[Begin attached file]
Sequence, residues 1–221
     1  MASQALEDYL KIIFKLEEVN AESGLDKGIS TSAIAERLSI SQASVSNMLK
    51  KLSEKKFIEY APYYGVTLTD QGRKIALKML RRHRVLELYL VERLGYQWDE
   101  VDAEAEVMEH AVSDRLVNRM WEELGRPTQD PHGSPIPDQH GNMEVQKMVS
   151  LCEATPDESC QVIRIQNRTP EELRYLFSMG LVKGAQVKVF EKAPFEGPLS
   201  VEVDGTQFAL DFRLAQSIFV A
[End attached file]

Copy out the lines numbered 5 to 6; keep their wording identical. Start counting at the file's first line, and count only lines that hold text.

   151  LCEATPDESC QVIRIQNRTP EELRYLFSMG LVKGAQVKVF EKAPFEGPLS
   201  VEVDGTQFAL DFRLAQSIFV A